Try starting with a treasure hunt. Where can you find practices of entrusting? Search the Bible first: Psalm 131 for sure, and the Song of Simeon. Look for examples in Christian history: prayers of the martyrs and Heidelberg Catechism Q&A 1 (“I . . . belong—body and soul, in life and in death—to my faithful savior, Jesus Christ.”) Then create a list of songs, images, and artworks that convey this practice. Try skimming an entire hymnal or the CCLI top 200 songs in a night (a splendid way to spend an evening!). If possible, make this a group project, inviting others—even your entire congregation—to be on the lookout for compelling examples of this practice of entrusting.

Then embrace this practice as a central aspect of how you introduce or frame the season of Lent. It’s important to be intentional about it early on because this vivid prayer of Jesus is not usually remembered in worship until Good Friday, when only a portion of a worshiping community is likely to be present. Here’s an example of how to introduce this early on without in any way setting aside confession and assurance as central Lenten disciplines:

This Lent, we have the opportunity to grow in two central Christian practices by learning to say to God two things that don’t come naturally to us: “I’m sorry” and “I entrust myself to you, O Lord.” The latter is a prayer that builds on our previous approaches to Lent, which focused on the life-giving practice of confession, by adding a new practice of spiritual tenderness and rest inspired by Jesus’ very last prayer before he died. This year, may Lent be for us a “both/and” season—a season of repentance and a season of repose.

In worship itself, much depends on how your worship service unfolds. If you prepare worship in a congregation with no set order of service, you have the freedom to choose a two-part discipline for each of Lent’s six Sundays—winsomely insisting, for example, that every week you will sing one song of confession of sin and one song of entrusting ourselves to God. If you do, identify them clearly as such so that worshipers will recognize the intent. Be sure to keep the focus on the spiritual value of each practice. This discipline is not an onerous burden, but an invitation to taste and see the beauty of the Lord. It is a “yoke that is easy.”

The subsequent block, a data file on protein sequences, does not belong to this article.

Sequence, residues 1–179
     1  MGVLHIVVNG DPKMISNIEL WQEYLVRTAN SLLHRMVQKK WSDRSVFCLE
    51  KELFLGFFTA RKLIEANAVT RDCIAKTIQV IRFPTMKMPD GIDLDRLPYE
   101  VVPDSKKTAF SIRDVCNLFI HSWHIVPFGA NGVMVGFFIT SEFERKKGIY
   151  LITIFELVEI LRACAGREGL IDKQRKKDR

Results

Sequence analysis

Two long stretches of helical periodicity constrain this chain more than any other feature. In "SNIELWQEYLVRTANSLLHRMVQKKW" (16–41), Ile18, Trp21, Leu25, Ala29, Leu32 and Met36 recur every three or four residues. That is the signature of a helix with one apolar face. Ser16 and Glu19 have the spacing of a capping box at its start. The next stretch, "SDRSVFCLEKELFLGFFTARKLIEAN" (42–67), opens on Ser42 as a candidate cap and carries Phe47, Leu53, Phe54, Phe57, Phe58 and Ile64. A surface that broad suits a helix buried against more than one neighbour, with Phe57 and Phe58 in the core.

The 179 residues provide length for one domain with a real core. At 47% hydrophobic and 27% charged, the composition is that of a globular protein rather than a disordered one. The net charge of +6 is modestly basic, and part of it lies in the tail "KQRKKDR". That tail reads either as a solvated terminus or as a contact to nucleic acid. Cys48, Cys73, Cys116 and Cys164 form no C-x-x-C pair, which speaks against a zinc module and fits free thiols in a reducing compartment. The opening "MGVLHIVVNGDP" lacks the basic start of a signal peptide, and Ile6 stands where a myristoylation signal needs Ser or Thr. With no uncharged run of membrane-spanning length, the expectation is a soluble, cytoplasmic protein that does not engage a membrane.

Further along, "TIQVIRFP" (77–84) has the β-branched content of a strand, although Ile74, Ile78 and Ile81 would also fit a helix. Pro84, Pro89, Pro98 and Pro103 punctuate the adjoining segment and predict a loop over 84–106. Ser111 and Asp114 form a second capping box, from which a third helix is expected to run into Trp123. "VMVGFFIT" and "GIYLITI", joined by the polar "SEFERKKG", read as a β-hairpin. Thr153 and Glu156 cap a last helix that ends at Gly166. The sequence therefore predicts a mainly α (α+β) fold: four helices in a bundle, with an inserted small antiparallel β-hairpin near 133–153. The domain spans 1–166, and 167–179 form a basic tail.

If you prepare worship in a congregation with a set order of service, there are many ways to make this double theme visible: insisting that prayers of confession and assurances of pardon feature both legal and familial images, creating a music list of two kinds of Lenten songs that can be used in worship and also shared for personal use, and looking for iconography that corresponds with each. Further, I encourage beginning the prayers of the people every week in Lent with words that echo Psalm 31:5 and the prayers of Jesus and Stephen: “Almighty and loving God, how we long to entrust ourselves to you. Help each of us by your Spirit to pray, ‘Into your hands I commit my Spirit.’”

In all contexts, be sure to look for ways to connect liturgy and life. Consider sending weekly or daily “learning to confess” and “learning to entrust” prompts for personal prayer or highlighting Bible texts that illuminate both practices.

John D. Witvliet is director of the Calvin Institute of Christian Worship and professor of music and worship at Calvin University and Calvin Theological Seminary in Grand Rapids, Michigan. He also teaches in the religion department at Calvin University.

Reformed Worship 142 © December 2021 Worship Ministries of the Christian Reformed Church. Used by permission.